CONNIE SWINNEY • STAFF WRITER
AUSTIN — State Sen. Troy Fraser, R-Horseshoe Bay, a lawmaker for nearly three decades, has forged a foundation for preserving Texas economic strength in oil, gas and utilities; stood behind landowners on water rights and environmental issues; and helped secure funding for education, military and health care resources.
On June 2, Fraser, 64, announced he would not seek re-election in 2016.
“I have championed measures to ensure Texas was wide open for business, authoring legislation to foster competition in Texas to benefit consumers,” Fraser wrote in a statement June 2. “Today, it is with a heavy heart, and overwhelming sense of pride, and not an ounce of regret, that I am announcing I will not seek another term for Texas senate.”
Fraser has served as a Texas state senator for the 24th District since 1997.
Cities in that district are Abilene, Belton, Brownwood, Burnet, Fredericksburg, Killeen, Kerrville, Marble Falls and Temple.
He first entered state politics in the Texas House of Representatives, serving Big Spring and area counties in West Texas from 1988 to 1993.
Through the years, he was touted as a lawmaker who pushed back against federal overreach.
His most notable influence involved the Senate Natural Resources Committee with its broad-reaching control over legislation aimed at air quality, oil, gas, agriculture, state parks and wildlife issues.
When he was appointed chairman in 2010, he wrote: “I will work on slowing down the federal government’s attempted takeover so that Texas can continue to successfully balance the dual interests of a strong economy and a clean environment.”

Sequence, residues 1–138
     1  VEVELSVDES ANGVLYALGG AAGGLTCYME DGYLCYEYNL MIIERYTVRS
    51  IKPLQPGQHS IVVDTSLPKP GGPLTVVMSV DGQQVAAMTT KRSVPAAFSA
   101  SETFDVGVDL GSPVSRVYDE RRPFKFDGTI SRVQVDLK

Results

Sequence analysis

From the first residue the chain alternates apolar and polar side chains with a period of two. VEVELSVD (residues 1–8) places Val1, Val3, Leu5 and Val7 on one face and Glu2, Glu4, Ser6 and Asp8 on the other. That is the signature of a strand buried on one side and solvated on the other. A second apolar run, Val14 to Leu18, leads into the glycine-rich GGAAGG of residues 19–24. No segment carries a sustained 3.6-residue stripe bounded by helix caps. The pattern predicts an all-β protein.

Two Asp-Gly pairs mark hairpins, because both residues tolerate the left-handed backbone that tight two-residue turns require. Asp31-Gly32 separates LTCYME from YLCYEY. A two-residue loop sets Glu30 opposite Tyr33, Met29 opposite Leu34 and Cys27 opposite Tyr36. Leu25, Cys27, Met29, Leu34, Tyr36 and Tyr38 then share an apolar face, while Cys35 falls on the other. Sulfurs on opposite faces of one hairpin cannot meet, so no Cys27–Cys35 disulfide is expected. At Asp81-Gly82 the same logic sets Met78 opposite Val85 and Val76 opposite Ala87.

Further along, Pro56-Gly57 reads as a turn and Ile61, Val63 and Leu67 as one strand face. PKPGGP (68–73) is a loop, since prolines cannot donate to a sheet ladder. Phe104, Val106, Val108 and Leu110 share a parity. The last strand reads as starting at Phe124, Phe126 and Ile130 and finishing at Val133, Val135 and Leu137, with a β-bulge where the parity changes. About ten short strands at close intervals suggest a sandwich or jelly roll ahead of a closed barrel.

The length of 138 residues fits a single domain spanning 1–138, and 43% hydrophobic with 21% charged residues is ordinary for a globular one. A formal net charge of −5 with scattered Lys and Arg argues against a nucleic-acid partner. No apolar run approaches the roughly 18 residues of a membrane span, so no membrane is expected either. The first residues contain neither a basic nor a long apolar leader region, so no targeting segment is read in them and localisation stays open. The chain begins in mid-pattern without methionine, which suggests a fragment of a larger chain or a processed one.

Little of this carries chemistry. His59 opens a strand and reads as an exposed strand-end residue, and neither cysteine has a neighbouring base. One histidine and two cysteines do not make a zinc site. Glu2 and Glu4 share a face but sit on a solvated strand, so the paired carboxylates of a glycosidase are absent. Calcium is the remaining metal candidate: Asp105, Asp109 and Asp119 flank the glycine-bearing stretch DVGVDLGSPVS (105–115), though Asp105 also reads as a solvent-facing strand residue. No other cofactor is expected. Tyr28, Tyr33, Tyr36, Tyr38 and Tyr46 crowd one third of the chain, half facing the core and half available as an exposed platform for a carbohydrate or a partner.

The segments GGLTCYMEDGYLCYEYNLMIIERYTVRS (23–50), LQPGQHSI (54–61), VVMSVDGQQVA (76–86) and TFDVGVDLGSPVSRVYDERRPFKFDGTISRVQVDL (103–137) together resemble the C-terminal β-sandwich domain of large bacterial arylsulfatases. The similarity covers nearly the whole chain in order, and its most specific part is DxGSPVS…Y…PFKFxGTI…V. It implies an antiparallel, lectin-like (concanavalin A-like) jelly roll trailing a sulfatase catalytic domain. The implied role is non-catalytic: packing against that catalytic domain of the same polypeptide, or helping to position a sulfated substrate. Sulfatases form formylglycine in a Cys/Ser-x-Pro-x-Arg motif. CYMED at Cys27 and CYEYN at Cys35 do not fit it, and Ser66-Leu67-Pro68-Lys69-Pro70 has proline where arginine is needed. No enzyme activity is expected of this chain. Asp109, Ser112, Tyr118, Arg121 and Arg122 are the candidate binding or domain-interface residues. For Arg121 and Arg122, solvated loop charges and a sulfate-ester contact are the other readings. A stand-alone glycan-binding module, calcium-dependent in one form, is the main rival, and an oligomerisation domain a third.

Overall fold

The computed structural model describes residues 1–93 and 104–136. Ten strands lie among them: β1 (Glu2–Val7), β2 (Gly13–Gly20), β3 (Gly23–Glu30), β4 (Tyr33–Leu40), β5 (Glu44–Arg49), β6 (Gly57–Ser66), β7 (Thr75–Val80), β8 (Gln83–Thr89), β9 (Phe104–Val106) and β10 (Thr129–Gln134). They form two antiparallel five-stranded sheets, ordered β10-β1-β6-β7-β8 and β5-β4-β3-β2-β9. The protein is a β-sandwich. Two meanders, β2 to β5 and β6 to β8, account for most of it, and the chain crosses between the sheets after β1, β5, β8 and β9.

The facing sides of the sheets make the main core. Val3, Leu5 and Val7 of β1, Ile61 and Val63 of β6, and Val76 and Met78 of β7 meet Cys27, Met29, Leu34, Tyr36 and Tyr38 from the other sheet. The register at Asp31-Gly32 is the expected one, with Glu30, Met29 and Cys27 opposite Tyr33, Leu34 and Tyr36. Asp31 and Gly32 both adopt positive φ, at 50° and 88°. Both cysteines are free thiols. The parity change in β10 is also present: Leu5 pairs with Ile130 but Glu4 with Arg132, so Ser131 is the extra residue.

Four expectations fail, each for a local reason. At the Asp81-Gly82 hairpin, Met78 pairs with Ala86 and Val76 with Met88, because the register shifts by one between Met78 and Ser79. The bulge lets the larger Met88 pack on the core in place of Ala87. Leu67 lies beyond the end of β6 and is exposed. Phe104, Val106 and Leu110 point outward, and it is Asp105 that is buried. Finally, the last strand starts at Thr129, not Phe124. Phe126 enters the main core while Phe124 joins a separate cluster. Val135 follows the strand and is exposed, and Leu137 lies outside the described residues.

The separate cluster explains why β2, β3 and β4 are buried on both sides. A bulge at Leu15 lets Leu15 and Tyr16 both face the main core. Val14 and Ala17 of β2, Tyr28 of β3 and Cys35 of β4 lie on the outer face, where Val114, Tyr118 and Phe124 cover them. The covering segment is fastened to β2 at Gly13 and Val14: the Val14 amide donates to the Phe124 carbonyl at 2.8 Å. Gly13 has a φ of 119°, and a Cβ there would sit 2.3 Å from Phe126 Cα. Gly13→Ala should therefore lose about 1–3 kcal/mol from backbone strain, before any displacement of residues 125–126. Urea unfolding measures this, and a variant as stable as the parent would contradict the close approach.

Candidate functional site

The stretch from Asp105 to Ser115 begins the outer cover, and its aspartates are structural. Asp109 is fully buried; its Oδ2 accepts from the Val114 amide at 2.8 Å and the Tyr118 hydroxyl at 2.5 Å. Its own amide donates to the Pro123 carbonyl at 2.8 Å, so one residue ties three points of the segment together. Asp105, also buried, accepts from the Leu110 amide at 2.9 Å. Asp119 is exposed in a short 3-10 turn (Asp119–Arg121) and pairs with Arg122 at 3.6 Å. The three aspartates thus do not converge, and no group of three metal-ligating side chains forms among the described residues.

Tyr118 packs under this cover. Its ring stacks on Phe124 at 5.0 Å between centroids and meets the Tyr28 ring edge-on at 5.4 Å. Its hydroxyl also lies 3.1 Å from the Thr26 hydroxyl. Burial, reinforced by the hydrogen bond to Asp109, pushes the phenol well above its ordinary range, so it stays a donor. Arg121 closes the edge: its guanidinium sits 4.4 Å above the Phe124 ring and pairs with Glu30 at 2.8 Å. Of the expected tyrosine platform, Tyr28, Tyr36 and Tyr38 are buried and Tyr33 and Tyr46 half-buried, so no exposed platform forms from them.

Among his accomplishments:
• photo voter ID law — authored legislation passed in 2011 that required voters to show proof of identification at the ballot box;
• statewide water plan — sponsored a bill passed in 2013 as a vehicle to secure water resources for the next 50 years;
• electric deregulation — co-authored a bill passed in 1999 to deregulate the Texas electric grid, creating a competitive wholesale power system;
• groundwater rights — authored a bill passed in 2011 that reinforced and clarifed that property owners have the right to extract the groundwater beneath their land;
• health care development — authored legislation to create the Temple Health and Bioscience Economic Development District for collaboration with public and private hospital systems and research facilities;
• military support — helped establish funding for state military cemeteries in Abilene and Killeen and sponsored legislation to award the Texas Purple Heart Medal to soldiers wounded or killed during the 2009 Fort Hood shooting;
• education support — passed legislation to help found Texas A&M-Central Texas in Killeen and fund three buildings on campus; helped found and secure funding for the School of Pharmacy, School of Nursing and School of Public Health at Texas Tech University Health Sciences Center in Abilene; and helped establish Texas Tech campuses in Marble Falls and Fredericksburg
• historic courthouse restoration and preservation — authored legislation in 1999 that secured funding for continuing restoration projects on a biennium basis.
Fraser also served in leadership roles on a number of other committees and subcommittees for much of his tenure, overseeing banking, economic development, water issues, utilities, insurance, real estate and the telecommunications industry.
“I am humbled and honored by the legacy I have helped forged,” he wrote.
“Like the many senators who have come and gone before me, I know that the spirit of Texas will ensure our state’s continued success.”
Fraser’s alma maters are Angelo State University in San Angelo and the University of Texas at Arlington.
Fraser lives with his wife, Linda, in Horseshoe Bay.
“To my wife and family, thank you for sticking by my side through all the years of sacrifice and for being my biggest supports,” Fraser wrote. “To my staff, friends and constituents, I owe you a heartfelt thanks for unwavering dedication and friendship.”
His announcement comes on the heels of the end of the 84th Legislature.
“There comes a time when leaders must allow others the opportunity to leave their mark,” Fraser wrote. “Today marks that time for me.”